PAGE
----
03/10/2014 10:59AM

Tony Brice chats about NHC aftermath, bad streaks, and a sentimental pick


NHC 15 second-place finisher Tony Brice has become a handicapping contest fan favorite, both for his handicapping acumen, general excellent sportsmanship, and his personal story – his wife was laid off before the NHC, so the $200,000 he won was truly a life-altering score. Brice won the NHCQualify.com this past weekend, and I caught up with him Sunday night.

What have you been up to since you got back from Las Vegas?

I went straight to my credit union with the check when I landed. I think I’ve been sleeping a little better since then. And my wife just yelled, “Me too!” from the other room. Her job search continues, but she’s not quite under the pressure she was before.

And how’ve things been going betting-wise?

It’s been a desert for me since I got back from Vegas. I haven’t been able to focus enough and my life’s just been crazy. Today I finally got focused a bit and I managed to have winners in five out of the 12 races on NHCQualify.com and a few them paid pretty well. I guess I’m going to Vegas again.

Tell me more about this bad streak you were on – that’s certainly something a lot of players can relate to.

Yesterday I played in a contest at Lone Star Park and a few people recognized me and wanted to talk about the NHC. I ended up doing horribly. By the end of the day I wanted to put on a pair of glasses with a big nose and a mustache just to walk out of there.

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Have you had any close calls?

Three weeks ago I missed qualifying for the Breeders’ Cup Betting Challenge on BCQualify.com by 40 cents. And in the last race, I switched off the winner at the last minute. I thought I might need slightly longer odds than my top choice but sure enough, the odds drifted up at the last second and my original top pick won – it was the opposite of what happened to me at the NHC. It’s a razor-thin margin in these things.

What advice do you have for players going through rotten runs like that?

Keep looking forward. I’m also a songwriter and I go up to Nashville a lot. And as somebody who has tried to make it in the music business, you hear “no” an awful lot and you learn to just move on to the next thing, whatever it is. And with horse racing, I just move on to the next tournament or betting opportunity. Turn your attention to the next thing and don’t look back.

Since you mentioned songwriting, is there a particular racing-themed song that you admire?

There’s an old George Jones song, “The Race is On,” Sawyer Brown covered it again in the ’80s. It’s not really about horse racing but it uses horse racing as a metaphor. It’s always fun to listen to as a horse racing fan for a lot of the terminology that’s in there.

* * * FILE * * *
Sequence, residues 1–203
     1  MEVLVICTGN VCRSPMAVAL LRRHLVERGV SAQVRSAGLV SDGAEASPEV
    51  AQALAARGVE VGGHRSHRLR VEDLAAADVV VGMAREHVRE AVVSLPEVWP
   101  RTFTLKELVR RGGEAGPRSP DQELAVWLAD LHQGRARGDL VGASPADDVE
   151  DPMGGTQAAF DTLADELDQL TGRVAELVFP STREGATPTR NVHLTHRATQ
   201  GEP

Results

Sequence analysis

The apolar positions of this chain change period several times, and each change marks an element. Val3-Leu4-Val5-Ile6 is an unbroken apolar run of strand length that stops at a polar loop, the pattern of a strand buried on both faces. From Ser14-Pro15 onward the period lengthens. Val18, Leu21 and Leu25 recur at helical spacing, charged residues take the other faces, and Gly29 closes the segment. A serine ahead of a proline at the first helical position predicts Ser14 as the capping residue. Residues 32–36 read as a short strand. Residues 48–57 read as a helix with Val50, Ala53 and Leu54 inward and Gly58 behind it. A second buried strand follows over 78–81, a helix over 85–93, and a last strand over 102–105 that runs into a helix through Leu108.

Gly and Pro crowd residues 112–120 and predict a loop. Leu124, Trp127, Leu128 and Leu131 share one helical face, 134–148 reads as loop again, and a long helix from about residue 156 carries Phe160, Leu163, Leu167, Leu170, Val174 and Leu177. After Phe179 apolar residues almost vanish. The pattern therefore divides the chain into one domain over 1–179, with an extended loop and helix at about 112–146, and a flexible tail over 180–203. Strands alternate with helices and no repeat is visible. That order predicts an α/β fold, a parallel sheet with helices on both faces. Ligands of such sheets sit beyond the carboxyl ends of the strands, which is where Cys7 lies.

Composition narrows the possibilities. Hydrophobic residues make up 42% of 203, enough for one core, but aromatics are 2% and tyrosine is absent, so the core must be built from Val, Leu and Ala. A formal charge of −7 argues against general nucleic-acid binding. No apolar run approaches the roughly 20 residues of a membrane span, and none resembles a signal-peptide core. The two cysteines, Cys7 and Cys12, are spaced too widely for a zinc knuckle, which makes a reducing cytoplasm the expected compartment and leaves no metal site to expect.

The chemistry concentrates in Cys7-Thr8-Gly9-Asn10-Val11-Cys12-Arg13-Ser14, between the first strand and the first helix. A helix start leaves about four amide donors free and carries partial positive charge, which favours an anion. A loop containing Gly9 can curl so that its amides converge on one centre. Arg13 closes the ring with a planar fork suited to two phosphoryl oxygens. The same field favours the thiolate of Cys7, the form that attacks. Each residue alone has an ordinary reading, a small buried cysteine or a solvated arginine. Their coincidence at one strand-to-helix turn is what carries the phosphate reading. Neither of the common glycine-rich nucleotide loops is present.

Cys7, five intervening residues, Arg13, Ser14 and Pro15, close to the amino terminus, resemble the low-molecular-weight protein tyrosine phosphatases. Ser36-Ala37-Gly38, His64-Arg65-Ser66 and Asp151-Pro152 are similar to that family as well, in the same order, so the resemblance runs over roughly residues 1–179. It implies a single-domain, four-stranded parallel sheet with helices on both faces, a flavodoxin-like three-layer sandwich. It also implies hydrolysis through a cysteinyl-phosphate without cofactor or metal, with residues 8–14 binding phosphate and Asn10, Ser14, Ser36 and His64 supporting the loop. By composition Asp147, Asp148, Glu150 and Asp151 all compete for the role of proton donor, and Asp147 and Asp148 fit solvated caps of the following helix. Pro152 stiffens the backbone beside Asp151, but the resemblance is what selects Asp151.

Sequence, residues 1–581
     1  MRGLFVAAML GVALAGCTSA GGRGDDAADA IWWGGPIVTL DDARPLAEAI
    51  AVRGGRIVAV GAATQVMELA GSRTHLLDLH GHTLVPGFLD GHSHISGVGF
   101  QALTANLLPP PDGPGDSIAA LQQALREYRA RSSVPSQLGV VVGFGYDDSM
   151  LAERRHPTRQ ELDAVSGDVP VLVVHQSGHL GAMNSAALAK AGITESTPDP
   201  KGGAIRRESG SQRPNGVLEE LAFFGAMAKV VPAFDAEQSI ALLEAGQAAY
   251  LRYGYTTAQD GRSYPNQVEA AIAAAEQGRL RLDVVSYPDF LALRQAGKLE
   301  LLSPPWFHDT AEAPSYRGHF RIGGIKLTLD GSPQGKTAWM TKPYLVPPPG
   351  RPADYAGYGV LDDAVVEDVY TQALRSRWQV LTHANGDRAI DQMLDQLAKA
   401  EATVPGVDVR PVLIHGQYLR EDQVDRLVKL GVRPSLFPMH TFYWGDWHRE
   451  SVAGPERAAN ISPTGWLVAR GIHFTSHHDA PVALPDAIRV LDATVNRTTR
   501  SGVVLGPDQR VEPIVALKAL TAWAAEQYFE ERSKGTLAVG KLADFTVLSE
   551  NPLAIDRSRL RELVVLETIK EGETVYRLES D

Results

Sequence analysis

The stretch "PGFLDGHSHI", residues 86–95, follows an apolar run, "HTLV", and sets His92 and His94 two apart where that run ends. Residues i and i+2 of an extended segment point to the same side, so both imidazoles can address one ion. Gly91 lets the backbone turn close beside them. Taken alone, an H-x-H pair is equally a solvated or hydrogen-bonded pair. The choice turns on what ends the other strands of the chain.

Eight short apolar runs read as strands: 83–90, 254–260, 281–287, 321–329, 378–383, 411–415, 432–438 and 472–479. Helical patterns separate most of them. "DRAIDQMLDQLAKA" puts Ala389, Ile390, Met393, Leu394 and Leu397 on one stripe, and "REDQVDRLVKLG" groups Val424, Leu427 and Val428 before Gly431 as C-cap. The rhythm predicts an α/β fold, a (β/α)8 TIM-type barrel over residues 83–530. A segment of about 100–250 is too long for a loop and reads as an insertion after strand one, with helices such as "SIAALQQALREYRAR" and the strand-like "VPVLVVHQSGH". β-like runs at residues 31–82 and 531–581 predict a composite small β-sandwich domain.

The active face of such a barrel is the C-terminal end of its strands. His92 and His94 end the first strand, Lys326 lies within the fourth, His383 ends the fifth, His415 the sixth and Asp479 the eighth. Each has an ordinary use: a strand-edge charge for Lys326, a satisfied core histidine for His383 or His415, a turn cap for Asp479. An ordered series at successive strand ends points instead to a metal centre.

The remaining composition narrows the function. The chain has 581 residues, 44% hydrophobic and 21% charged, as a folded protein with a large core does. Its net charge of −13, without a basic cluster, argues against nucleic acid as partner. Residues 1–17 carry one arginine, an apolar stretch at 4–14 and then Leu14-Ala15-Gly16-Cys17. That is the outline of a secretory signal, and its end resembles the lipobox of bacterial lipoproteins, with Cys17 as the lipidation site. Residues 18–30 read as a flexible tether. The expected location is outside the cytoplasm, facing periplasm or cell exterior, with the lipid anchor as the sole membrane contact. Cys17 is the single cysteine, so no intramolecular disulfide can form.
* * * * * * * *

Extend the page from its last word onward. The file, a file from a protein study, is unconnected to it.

So you know the one horse I have to ask you about from Sunday...

You caught that, huh?

And so as I saw Fit to Rule – the horse who secured your NHC second – was entered, I knew who you were playing in that race. Was it a sentimental choice?

I’d be lying if I told you I wasn’t taking a little stroll down memory lane when I made my final decision there – mostly I remembered how Fit to Rule strolled down the lane to make me an extra $100,000! My only worry with him was going back to the mile. Mark Glatt had claimed him from O’Neill in his next race after the NHC. And Fit to Rule looked to be training well for Glatt and he had shown some mile ability. I’m in love with the horse and he was a great price [10-1 off a 6-1 morning line] so it was like he was saying, “Bet me! Bet me!”

I noticed you played a pretty short price, Carve, late in the day at Oaklawn. Was that a play you only made because you were already doing so well?

That’s just who I liked in the race. I thought it was a two-horse race and it felt right to go with my top pick.

In the next race, you had another winner in the 6-1 range. Was that always one you wanted to play?

I had a lot of confidence in Mythical Storm, a first-time starter. That downhill course is so unusual that typically I like to bet a horse who has some experience on it. But only one horse in there had run down the hill and he didn’t scare me. It looked to me like Gary Mandella had Mythical Storm ready for a good effort first out and it was a jock I knew I could trust in [Rafael] Bejarano.

Is there anything new in your handicapping or the way you’re approaching contests since the NHC?

I learned this from Dirk Nowitzki. Every year he’s been a Dallas Maverick he spends the off-season working on whatever his weakness is. I want to do the same thing. I’ve tried to brush up on my trainers, especially in Southern California. I think it’s so important to be able to assess trainer intent. After Vegas I thought that maybe my lack of familiarity with the trainers out there might have cost me $550,000.